Panic Attacks While Pregnant

How to Stop Panic Attacks While Pregnant

Despite feelings of anxiety and stress being perfectly normal for expectant mothers, panic attacks are no fun – especially when you’re already dealing with the challenges and ups and down of pregnancy. Here are the symptoms of panic attacks and a few tips to help you kick them to the curb as quickly as possible.

1. Symptoms of Panic Attacks

The symptoms of panic attacks and anxiety are the same. However, panic attack symptoms are amplified and happen suddenly. Chances are if you’re hit with intense, overwhelming feelings of anxiety for no obvious reason, you are experiencing a panic attack. Unlike anxiety, which may be a constant problem, a panic attack only lasts for up to ten minutes. Some symptoms of panic attacks include:

  • Feeling like you are unable to breathe
  • Shaking, tension or pain in your muscles
  • Feeling scared that your life may be in danger, or something terrible is going to happen
  • Sweating
  • Racing heartbeat
  • Double-vision or dizziness
  • Numbness or tingling sensation in limbs

2. Techniques for Calming Panic Attacks

Stop Panic Attacks While PregnantRemember to breathe

When you’re experiencing a panic attack, one of the first things to focus on is your breathing. Inhale slowly and deeply, and exhale completely. It may help clear your mind faster to count to three during each breath. Breathe with your stomach rather than your chest, so that your stomach moves with each and every breath.

Focus on positive thoughts

Focusing all of your attention to one positive, happy thought or object helps to ease you out of your panic attack. It can be a memory or fantasy, something in the environment, or even something you’re looking forward to in the future.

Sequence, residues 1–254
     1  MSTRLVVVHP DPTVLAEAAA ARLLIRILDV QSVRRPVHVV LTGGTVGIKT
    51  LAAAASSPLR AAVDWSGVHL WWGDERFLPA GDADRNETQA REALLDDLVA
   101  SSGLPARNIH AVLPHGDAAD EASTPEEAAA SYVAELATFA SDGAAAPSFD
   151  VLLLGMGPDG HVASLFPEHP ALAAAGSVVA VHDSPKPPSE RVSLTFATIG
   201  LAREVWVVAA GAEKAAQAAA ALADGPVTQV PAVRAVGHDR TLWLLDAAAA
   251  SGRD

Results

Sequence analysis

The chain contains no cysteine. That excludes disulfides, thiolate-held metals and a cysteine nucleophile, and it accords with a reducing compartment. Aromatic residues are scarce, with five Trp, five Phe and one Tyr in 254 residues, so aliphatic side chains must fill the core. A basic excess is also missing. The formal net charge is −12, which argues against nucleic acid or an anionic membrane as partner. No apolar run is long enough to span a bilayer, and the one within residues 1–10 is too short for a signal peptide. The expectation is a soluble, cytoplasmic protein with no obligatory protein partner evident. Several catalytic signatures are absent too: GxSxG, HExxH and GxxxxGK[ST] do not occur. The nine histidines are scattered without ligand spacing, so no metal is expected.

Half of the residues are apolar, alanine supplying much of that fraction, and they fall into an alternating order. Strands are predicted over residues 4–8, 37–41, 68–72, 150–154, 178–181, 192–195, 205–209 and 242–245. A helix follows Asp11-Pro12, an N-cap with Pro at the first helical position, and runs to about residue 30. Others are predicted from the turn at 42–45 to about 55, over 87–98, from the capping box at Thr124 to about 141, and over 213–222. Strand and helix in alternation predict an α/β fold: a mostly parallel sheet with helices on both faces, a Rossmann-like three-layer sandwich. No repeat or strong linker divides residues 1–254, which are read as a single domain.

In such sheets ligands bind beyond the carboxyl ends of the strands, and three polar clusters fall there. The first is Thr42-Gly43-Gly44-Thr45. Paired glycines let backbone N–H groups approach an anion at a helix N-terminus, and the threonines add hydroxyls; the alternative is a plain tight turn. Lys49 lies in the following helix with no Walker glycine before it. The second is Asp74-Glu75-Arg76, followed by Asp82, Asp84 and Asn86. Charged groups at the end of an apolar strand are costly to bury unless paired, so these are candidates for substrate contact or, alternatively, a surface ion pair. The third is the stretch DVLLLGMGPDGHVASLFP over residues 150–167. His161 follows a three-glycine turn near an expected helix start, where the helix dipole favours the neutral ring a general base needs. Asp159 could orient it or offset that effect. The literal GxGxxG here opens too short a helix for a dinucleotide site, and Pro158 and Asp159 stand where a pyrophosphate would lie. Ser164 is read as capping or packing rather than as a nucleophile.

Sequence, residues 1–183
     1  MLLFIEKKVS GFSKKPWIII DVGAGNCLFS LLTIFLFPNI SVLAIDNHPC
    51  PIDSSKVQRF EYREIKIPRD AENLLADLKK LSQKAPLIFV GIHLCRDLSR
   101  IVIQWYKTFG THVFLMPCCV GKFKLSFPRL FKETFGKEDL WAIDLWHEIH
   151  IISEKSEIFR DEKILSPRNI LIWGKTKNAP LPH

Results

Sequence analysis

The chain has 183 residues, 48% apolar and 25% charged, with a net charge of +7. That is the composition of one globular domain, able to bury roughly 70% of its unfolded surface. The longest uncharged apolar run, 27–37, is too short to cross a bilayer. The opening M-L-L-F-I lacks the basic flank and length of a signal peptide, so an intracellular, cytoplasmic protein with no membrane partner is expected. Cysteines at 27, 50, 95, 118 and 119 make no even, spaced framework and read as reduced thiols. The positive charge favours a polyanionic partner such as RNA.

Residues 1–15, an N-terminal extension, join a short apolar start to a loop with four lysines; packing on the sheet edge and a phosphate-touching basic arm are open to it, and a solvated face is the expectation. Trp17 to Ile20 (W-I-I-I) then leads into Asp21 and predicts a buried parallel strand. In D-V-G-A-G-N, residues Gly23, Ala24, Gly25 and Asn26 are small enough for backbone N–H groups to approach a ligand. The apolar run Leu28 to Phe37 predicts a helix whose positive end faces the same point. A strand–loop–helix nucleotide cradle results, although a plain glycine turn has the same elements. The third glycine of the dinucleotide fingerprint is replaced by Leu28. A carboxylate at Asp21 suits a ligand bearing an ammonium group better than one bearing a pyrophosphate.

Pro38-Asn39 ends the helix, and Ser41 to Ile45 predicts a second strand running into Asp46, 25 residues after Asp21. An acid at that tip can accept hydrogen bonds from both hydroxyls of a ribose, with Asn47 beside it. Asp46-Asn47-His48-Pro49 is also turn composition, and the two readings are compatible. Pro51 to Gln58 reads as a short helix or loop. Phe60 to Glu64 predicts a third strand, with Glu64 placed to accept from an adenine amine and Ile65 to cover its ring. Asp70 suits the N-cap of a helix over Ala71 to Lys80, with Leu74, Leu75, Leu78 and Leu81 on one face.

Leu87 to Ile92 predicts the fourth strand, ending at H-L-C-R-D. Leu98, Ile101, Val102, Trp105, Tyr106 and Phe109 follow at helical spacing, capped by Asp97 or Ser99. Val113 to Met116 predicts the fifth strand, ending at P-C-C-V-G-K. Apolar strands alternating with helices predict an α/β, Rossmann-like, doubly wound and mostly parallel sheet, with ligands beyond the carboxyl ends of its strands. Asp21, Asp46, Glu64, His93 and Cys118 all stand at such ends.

By directing all of your attention to one specific idea, your mind will stop racing to every worrisome thought and start to calm down. Keep in mind that everyone is different and you need to find what works for you. For example, while some may choose to listen to soothing music to help them with panic attacks, others may need complete silence in order for the episode to pass.

Reassure yourself

During a panic attack, it’s important to remind yourself that you and your baby are going to be okay. Although it may feel like you’re under great physical and mental harm, panic attacks are not dangerous for you or your baby.

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3. Long-Term Techniques for Anxiety/Panic Attacks

Diet and exercise

While it is important to maintain a healthy diet and exercise throughout your whole life as well as while you’re pregnant, it may also help reduce the risk of panic attacks. It is highly recommended that you avoid stimulants such as alcohol, cigarettes and even caffeine while pregnant. Not only are stimulants bad for your baby, but they can also make anxiety issues and panic attacks all that much worse.

Talk to your doctor

Contact your midwife or doctor and let them know that you are experiencing anxiety or panic attacks. Cognitive therapy is designed to help people replace their negative thoughts with realistic, positive ones. Medication under the supervision of a physician may be necessary for women experiencing panic attacks, because they are more likely to struggle with these issues postpartum.

It is so important to try to remember to relax as much as possible during a panic attack. Focus on the fact that you’ll typically start to feel better in just a matter of minutes. Countless mothers-to-be experience panic attacks. Although these attacks are uncomfortable, rest assured they won’t physically harm you or your baby.


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